Effect of the reproductive cycle on morphology and activity of the ovarian surface epithelium in mammals
Saddick, Salina Yahya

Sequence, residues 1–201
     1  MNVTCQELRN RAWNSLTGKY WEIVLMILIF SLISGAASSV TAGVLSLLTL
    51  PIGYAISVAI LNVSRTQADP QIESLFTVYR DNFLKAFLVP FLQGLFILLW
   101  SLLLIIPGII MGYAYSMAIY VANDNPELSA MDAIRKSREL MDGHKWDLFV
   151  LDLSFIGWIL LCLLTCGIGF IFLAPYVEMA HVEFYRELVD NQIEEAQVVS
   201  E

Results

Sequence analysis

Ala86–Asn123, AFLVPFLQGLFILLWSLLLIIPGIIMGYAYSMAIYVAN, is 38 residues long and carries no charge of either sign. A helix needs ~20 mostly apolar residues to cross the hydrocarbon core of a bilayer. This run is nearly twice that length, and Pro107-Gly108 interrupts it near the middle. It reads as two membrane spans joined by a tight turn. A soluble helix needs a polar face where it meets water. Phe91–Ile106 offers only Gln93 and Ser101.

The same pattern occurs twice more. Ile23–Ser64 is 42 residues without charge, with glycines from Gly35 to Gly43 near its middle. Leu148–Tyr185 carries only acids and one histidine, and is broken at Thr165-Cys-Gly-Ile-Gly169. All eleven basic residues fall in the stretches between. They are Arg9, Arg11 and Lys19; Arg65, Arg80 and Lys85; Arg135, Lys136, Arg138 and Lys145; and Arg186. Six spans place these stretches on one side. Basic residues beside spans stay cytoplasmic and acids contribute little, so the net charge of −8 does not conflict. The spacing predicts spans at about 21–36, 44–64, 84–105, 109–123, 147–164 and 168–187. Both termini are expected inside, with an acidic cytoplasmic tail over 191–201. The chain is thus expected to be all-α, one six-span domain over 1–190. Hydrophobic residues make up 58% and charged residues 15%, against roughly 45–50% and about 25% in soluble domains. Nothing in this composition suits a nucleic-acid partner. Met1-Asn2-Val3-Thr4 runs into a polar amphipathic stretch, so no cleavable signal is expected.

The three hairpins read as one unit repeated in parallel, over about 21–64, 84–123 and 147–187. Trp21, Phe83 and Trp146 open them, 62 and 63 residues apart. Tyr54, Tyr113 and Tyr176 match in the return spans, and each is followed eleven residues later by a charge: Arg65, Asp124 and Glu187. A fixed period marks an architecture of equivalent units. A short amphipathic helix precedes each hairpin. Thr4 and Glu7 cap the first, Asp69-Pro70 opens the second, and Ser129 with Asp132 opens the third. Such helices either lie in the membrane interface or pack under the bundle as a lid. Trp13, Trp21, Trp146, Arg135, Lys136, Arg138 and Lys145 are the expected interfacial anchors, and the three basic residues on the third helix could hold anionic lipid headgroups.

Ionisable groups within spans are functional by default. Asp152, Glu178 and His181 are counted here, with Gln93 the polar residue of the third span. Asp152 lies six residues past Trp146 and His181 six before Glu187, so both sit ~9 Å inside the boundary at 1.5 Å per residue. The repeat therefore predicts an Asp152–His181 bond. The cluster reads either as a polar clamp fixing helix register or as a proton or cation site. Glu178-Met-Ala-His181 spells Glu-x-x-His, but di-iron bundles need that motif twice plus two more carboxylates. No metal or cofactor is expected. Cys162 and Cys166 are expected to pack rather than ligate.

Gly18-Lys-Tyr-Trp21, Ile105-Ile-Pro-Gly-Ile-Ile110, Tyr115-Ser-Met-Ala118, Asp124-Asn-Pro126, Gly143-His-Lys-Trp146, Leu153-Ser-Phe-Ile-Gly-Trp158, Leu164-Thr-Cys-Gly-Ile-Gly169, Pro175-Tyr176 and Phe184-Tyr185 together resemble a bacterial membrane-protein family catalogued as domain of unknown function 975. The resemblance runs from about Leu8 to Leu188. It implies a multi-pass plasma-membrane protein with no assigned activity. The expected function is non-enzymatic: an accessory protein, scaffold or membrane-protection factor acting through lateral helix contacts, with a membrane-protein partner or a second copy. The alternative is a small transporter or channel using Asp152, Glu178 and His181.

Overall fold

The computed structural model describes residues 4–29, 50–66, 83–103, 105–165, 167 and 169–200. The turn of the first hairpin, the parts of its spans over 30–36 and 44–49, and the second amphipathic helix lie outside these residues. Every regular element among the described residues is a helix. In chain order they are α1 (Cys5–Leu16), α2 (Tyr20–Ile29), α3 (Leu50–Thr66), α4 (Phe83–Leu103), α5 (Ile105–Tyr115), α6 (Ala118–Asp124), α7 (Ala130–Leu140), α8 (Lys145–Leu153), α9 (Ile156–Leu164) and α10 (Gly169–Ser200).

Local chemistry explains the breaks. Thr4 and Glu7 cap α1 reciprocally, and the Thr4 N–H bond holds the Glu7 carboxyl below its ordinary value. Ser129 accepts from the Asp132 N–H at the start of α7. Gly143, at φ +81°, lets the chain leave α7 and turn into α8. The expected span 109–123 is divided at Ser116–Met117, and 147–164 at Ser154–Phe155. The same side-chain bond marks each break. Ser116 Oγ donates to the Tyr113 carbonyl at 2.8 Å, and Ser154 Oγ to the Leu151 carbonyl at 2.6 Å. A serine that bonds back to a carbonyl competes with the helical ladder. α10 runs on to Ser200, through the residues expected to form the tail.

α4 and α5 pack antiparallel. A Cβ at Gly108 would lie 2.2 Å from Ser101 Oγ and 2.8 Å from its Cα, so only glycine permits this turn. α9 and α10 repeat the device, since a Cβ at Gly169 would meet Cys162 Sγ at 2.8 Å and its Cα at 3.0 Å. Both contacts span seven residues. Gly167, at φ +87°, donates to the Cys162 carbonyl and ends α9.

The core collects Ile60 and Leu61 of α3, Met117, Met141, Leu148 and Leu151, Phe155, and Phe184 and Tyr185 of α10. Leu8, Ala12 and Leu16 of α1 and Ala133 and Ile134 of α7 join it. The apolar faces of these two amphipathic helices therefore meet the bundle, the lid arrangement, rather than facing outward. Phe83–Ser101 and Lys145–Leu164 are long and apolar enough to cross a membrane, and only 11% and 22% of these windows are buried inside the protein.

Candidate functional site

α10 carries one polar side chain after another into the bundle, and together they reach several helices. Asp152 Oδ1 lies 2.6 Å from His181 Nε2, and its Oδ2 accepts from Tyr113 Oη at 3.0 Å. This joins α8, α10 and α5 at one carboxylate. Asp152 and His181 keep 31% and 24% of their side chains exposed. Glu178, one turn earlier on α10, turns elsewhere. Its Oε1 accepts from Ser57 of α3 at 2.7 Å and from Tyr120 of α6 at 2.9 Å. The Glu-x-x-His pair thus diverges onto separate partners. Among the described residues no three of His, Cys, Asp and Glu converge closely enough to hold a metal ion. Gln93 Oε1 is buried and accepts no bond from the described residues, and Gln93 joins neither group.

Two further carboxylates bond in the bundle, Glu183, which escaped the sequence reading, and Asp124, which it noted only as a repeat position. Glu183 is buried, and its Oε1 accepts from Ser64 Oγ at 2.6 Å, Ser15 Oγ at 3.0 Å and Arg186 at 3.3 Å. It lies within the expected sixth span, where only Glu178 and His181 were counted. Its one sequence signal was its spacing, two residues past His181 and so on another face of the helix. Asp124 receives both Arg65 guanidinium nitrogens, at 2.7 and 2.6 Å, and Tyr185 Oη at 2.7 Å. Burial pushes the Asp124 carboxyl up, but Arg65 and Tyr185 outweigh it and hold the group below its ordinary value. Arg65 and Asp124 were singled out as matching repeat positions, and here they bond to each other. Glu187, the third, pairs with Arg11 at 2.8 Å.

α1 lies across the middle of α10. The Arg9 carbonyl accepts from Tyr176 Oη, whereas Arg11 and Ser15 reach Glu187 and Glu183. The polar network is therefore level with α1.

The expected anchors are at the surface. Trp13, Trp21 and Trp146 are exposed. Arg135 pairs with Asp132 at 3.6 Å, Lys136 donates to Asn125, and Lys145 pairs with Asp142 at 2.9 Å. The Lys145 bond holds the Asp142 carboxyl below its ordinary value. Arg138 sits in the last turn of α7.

The layer of cells lining the outer surface of the mammalian ovary, the ovarian surface epithelium (OSE), is a constant feature throughout the dynamic tissue remodeling that occurs throughout the reproductive cycle (follicle growth, ovulation, corpora lutea formation and pregnancy). Abnormal development of these cells is responsible for 90% of all epithelial ovarian cancers in women and epidemiological studies have shown that susceptibility to ovarian cancer is negatively correlated with increasing pregnancy. Little is known about how OSE cells are affected at each stage of the cycle, so the main aim of this study was to determine how the reproductive cycle affected proliferation and degeneration of OSE cells. This study utilised three animal models each with a different type of reproductive cycle: a mono-ovular seasonal breeder (Sheep), a mono-ovular polyoestrous breeder (Cow) and a poly-ovular non human primate (marmoset) to allow comparisons to be made. Comparison of OSE proliferative activity was made in sheep and marmoset at each stage of the cycle including pregnancy and anoestrous. The bovine model was used to investigate apoptotic cell death. Proliferative activity of somatic cells within the sheep ovary was monitored throughout the reproductive cycle by detection of cell cycle markers PCNA and Ki67 using immunohistochemistry. The pattern of OSE proliferation was correlated with the pattern of follicle development at each stage (sheep and marmoset). During pregnancy cell proliferation was significantly lower in OSE and in granulosa cells, reflecting a suppression of mature follicle development during these stages whereas in cycling animals proliferation was increased. Differences in OSE proliferation were observed in relation to the local underlying tissue environment in both sheep and marmoset. Epithelial cell rupture and regeneration enhanced the hormonal mitogenic action on epithelial cells, which showed highest proliferation over corpora lutea in each animal model. To test the hypothesis that these changes are mediated by hormones or growth factors ovine OSE cells were cultured and proliferative activity monitored after treatment with several factors: fetal calf serum (FCS), follicular fluid from follicles of varying sizes, corpora lutea extracts, recombinant human IGF-1, oestradiol and progesterone. IGF alone was demonstrated to have an affect on increasing proliferation of cultured OSE cells. Levels of FSHr and LHr were monitored by quantitative real- time PCR and it was demonstrated that the concentration of gonadotrophin receptors in OSE, increased prior to and after ovulation, at which time the in vivo OSE proliferation also peaked. The in situ apoptosis index was determined in bovine tissue using TUNEL throughout the regular cycle, and at mid and late-pregnancy stages. The results showed that pregnancy induced apoptotic activity in OSE cells and up regulated the tumour suppressor gene p53. Cultured bovine OSE cells also exhibited an increased level of apoptosis following progesterone treatment. Since p53/p53 gene expression in OSE over the corpora lutea producing progesterone also increased, this progesterone-mediated apoptosis may be mediated through an up-regulation of p53 synthesis. The effect of pregnancy and low production of gonadotrophins in the regulation of OSE cell morphology and activity was further investigated in the marmoset monkey (a non-human primate) treated with GnRH antagonist and infused with BrdU to monitor proliferative activity. OSE proliferation was correlated to ovarian events (follicular growth, ovulation and luteinization) and this was suppressed during pregnancy. Inhibition of gonadotrophin secretion by treatment with a GnRH antagonist also markedly inhibited OSE proliferation. Taken together these studies support the hypothesis that pregnancy and periods of anovulation reduce proliferation of OSE cells and alter the pattern of apoptotic cell death and that this effect is independent of species and reproductive pattern. Suppression of gonadotrophins and other growth factors during pregnancy could enhance p53-mediated apoptosis of damaged and mitogenic cells arising from repeated ovulations. This effect may partly explain why increasing number of pregnancies in woman reduces the chance of epithelial ovarian cancers.